10 Things to Avoid When on Holiday
Wild animal tourist attractions are common globally and are popular hotspots for holiday goers looking to get close to animals.
By guest blogger Aaron Lax
However, many people do not realise the cruelty that often happens behind closed doors.
Many animals are mistreated, exploited and kept in inadequate living conditions and made to perform on command. Look at our 10 things to avoid when you’re on holiday to ensure you have a cruelty-free trip!
Elephant rides rely on the elephant’s submission for them to operate. For this to happen, vulnerable baby elephants are taken from their mothers and put through a brutal process known as ‘the crush’. This involves physical abuse with clubs and metal bull hooks, and they are kept in small cages or tied with ropes and chains to prevent voluntary movement.
From baby sloths through to full grown tigers, wildlife selfies include the process of mistreating and sometimes restraining animals so tourists can take a selfie with them. Many of these animals are kept in poor living conditions, and are forced into unnatural and harmful situations daily. With your help, we moved Instagram to include a new 'content advisory page' to educate users about the issues these photos cause for wild animals.
Swimming with Dolphins
To meet the tourist demand of swimming with dolphins, many of these highly intelligent animals are cruelly captured from the wild using nets and high-speed boats, and dolphins can die as a result or when in transit. When used for tourist entertainment, dolphins are often kept in inadequate living conditions - unable to communicate, roam or play.
From snake wine through to walrus ivory, wildlife souvenirs offer a seemingly exotic trinket for holiday goers to take home. However, many of these products are obtained via cruel or unsustainable methods. Snake wine, for example, includes the process of drowning the snake alive in rice wine. It is also important to keep an eye out for any sea turtle based souvenir, as six out of seven sea turtle species are endangered!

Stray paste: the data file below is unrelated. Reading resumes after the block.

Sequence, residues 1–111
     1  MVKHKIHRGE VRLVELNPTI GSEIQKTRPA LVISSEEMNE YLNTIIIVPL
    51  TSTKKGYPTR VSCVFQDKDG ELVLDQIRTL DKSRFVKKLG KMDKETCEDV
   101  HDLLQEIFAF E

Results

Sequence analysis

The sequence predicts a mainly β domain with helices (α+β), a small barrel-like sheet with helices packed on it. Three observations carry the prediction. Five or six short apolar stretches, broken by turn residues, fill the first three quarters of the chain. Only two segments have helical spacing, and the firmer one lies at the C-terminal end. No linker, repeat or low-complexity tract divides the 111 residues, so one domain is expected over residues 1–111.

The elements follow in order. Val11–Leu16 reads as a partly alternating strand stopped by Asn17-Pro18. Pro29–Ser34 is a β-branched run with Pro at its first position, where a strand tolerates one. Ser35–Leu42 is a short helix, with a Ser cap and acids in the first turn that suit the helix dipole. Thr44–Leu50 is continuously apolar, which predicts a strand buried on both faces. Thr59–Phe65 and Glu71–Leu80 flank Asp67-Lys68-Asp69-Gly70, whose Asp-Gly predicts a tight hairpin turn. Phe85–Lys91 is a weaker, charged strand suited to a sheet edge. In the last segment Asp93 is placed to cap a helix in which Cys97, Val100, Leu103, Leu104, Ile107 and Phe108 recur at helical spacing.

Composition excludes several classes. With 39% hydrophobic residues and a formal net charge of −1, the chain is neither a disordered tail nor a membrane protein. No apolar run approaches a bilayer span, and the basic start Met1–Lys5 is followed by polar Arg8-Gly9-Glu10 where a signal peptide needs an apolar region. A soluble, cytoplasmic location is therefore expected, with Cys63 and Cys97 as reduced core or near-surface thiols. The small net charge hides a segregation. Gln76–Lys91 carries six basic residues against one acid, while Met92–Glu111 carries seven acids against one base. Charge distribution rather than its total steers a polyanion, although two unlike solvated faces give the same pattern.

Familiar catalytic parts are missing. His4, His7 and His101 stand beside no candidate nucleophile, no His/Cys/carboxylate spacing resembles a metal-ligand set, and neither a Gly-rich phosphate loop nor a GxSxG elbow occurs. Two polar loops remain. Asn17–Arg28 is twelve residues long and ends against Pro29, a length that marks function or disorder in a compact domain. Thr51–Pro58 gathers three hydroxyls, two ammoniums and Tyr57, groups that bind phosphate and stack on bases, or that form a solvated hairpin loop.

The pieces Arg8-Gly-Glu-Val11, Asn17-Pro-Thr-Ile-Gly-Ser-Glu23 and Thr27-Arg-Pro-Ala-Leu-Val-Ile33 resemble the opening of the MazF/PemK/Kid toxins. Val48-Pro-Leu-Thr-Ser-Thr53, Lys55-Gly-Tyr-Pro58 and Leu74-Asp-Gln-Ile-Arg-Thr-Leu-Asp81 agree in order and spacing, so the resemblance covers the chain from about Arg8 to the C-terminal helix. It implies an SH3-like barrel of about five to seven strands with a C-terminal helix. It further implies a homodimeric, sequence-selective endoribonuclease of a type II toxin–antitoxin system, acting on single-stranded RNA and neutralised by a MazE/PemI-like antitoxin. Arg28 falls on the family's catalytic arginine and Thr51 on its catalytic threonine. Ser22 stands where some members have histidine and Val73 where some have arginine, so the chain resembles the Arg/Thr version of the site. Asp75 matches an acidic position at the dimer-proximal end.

The monkeys included in monkey shows are forced to undertake demeaning and unnatural tasks for tourist entertainment. Due to the training techniques used, as well as the daily stresses they undergo, monkeys have been known to rock back and forth, suck their lips, salivate and sway against enclosure perimeters in distress: all symptoms of distress.
Marine animals used for tourist entertainment include whales, orcas and dolphins. Each of these rely heavily on their social groups for their well-being and often travel large distances in the wild. When captured and forced to live in enclosed spaces, these animals are cut off from their families and unable to express their natural behaviours. They often die much earlier than they would in the wild.
Huge numbers of crocodiles are bred for their skins in the fashion industry, as well as their meat. Crocodile farms serve as a platform for tourists to eat crocodile meat on site, and the demand of the fashion industry causes intensive breeding and horrendous living conditions. As a result, crocodiles can develop fatal diseases due to these stressful conditions.
Tiger cubs are typically separated from their mothers just a few weeks after birth and used for tourist selfies where they are mishandled hundreds of times a day, which can lead to stress and injury. Tigers are punished using pain and fear to stop aggressive, unwanted behaviour and are housed in small concrete cages or barren enclosures with limited access to fresh water.
Holding sea turtles
The world’s last remaining sea turtle farm that acts as a tourist attraction is in the Cayman Islands. Here, tourists can hold turtles and even eat them during their visit. Suffering from stress and disease, sea turtles live a tortured life at the Cayman Turtle Farm. They often panic when they are handled and it has been known for tourists to drop them, causing significant injuries.
Bull Runs and Bull Fighting
‘Running with the Bulls’ is a process that includes forcing a bull to run down cobbled streets, in preparation for a bull fight later the same day. This cruel process not only causes the bull significant distress, it serves as the step before an even crueller attraction: bull fighting. Here, the bull will be taunted and repeatedly stabbed until its exhausted spine is severed. This practice only survives because of huge subsidies and tourist funding.
How Can You Help?
To help ensure you are not contributing to cruelty on your holiday, follow this simple approach:
- If you can ride it, hug it or have a selfie with a wild animal, the chances are it’s a cruel venue. Don’t go.
- Download our guide to an animal friendly holiday.
- Join the movement to help animals used for entertainment.
- Share with friends and family to help us spread awareness.
With your help, we’ll be able to ensure animals stay in the wild where they belong.